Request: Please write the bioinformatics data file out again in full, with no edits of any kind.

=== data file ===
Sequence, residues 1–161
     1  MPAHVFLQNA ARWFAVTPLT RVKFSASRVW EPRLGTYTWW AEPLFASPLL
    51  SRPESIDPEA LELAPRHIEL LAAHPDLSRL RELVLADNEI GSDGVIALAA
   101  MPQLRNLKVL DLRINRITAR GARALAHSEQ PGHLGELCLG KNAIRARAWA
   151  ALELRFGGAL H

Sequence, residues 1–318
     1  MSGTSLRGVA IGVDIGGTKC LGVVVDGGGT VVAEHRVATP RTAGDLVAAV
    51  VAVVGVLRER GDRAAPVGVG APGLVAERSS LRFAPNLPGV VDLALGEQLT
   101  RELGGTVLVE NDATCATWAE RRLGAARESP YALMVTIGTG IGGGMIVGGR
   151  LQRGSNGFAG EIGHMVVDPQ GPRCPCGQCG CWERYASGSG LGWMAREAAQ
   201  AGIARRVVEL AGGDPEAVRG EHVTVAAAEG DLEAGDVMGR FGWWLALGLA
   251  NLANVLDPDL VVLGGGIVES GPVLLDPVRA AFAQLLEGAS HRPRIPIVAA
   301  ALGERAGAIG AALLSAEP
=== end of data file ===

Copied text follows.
Sequence, residues 1–161
     1  MPAHVFLQNA ARWFAVTPLT RVKFSASRVW EPRLGTYTWW AEPLFASPLL
    51  SRPESIDPEA LELAPRHIEL LAAHPDLSRL RELVLADNEI GSDGVIALAA
   101  MPQLRNLKVL DLRINRITAR GARALAHSEQ PGHLGELCLG KNAIRARAWA
   151  ALELRFGGAL H

Sequence, residues 1–318
     1  MSGTSLRGVA IGVDIGGTKC LGVVVDGGGT VVAEHRVATP RTAGDLVAAV
    51  VAVVGVLRER GDRAAPVGVG APGLVAERSS LRFAPNLPGV VDLALGEQLT
   101  RELGGTVLVE NDATCATWAE RRLGAARESP YALMVTIGTG IGGGMIVGGR
   151  LQRGSNGFAG EIGHMVVDPQ GPRCPCGQCG CWERYASGSG LGWMAREAAQ
   201  AGIARRVVEL AGGDPEAVRG EHVTVAAAEG DLEAGDVMGR FGWWLALGLA
   251  NLANVLDPDL VVLGGGIVES GPVLLDPVRA AFAQLLEGAS HRPRIPIVAA
   301  ALGERAGAIG AALLSAEP